Steven Petrow writes the Civilities column for The Post. His twitter handle is @stevenpetrow.

I wear several Duke hats these days, as an alumnus, a director of the alumni association and the uncle of a Duke freshman. I know the school well. But none of my roles prepared me for the tsunami set off last week by evangelist Franklin Graham’s Facebook post calling on the university to reverse its plan to broadcast a Muslim call to prayer this past Friday from the top of Duke Chapel.

I never would have anticipated how this issue would cleave the community at Duke — whose motto, after all, is “eruditio et religio,” or knowledge and religion — and prompt for me a crisis of identities.

At first I felt pride that Duke had taken such a powerfully symbolic step at a time of so much uncertainty, fear and violence in the world. This is the Duke I know and love.

But Graham’s post brought national attention to the campus, much of it ugly. I was stunned not just by the volume of social media comments that followed but also by their vitriol. Many relied on name-calling; others included shadowy threats: “I’m sure in the future,” said one post on Duke’s Facebook page. “Muslim representatives will honor your support for them by killing some innocent Christians some place near your campus.”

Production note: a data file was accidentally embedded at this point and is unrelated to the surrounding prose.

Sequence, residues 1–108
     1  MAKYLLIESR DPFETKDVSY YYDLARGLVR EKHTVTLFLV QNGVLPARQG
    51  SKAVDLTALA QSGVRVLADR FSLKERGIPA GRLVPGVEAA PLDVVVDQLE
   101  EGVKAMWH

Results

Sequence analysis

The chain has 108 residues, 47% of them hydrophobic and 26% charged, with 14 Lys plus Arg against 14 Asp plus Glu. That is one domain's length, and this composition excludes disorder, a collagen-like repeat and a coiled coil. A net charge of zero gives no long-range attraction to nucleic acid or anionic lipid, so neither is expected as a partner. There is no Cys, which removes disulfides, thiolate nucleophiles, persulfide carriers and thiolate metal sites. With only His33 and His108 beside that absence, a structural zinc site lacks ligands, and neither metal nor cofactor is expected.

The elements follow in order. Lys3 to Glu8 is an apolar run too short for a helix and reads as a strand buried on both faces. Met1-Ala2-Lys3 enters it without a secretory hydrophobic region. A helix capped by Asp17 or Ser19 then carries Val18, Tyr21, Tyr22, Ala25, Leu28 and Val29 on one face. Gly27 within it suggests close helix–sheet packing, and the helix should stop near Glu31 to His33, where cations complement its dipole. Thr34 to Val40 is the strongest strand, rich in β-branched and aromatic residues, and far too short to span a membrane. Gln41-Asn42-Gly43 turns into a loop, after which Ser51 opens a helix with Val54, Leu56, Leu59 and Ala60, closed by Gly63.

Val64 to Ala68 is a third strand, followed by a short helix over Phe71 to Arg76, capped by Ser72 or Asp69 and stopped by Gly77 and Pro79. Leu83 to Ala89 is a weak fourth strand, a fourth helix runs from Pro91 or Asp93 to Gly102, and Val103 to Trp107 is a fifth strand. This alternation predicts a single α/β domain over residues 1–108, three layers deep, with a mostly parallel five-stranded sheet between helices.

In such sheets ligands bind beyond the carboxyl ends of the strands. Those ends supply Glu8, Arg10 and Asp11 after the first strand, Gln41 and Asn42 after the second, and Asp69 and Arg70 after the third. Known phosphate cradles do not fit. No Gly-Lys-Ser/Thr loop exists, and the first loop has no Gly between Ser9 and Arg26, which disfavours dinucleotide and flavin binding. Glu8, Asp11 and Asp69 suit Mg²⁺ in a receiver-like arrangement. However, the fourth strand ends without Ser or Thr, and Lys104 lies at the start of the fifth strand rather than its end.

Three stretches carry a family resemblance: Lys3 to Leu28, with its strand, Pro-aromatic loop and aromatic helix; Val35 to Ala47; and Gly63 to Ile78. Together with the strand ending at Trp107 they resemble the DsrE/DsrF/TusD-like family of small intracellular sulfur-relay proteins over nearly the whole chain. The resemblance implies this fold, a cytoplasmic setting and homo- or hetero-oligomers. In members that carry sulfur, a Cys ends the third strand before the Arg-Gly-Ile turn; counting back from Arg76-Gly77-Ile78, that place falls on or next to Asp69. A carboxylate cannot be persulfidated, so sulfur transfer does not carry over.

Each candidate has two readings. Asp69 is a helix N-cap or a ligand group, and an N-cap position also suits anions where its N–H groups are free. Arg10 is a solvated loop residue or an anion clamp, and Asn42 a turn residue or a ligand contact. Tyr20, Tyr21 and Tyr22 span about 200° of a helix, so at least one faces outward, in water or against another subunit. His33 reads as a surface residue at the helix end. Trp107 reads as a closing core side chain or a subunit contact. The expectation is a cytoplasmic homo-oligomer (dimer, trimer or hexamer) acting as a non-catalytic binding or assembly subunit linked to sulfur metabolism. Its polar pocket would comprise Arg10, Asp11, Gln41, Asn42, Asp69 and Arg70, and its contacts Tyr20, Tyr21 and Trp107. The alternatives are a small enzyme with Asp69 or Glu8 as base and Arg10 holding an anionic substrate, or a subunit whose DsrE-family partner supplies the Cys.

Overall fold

Things only got cloudier and rowdier when college officials reversed course Thursday. The turnabout topped home-pages and front pages, and social media again lit up with both sides of the argument.

Posted one individual on the university’s Facebook page: “So ashamed of the Duke Administration bowing to the racists and bigots.” Duncan Murrell, a writer-in-residence at Duke, e-mailed me: “Predictably, the decision to have the Adhan [prayers] called from atop the Duke Chapel brought out the paranoiacs in full cry. Not as predictably, Duke has decided to let these paranoiacs make this decision for our university. I am furious. . . . [N]ow we know that this was an empty gesture made without conviction, abandoned at the first hollering of the bigots.”

Late Thursday, I read that the director of Duke’s Islamic Studies Center said that there’d been “numerous verified instances of credible threats” against the university community (although Duke’s news release on its decision did not mention security as an issue). That was a frightening revelation.

I switched hats, taking off those of an alumnus and journalist, putting on the one I wear as an uncle. I texted my niece asking her to stay away from the chapel on Friday. A call to prayer was still scheduled there, though it was to be unamplified and issued from ground level.

Was I conflicted? Absolutely. Extremists want others to give in to fear, and just look to the recent march in Paris to see the power of people coming together.

With my worries for my niece alleviated, I approached the chapel just before the call to prayer was to begin. A helicopter circled. News cameras stood ready to capture any violence. More than 50 security officers kept an eye out for “nut cases,” as one official put it to me. The crowd, meanwhile, grew from a few dozen to more than 500 in minutes. The call began and, at that moment, my community stood together for religious pluralism and freedom of expression. This is the Duke I love.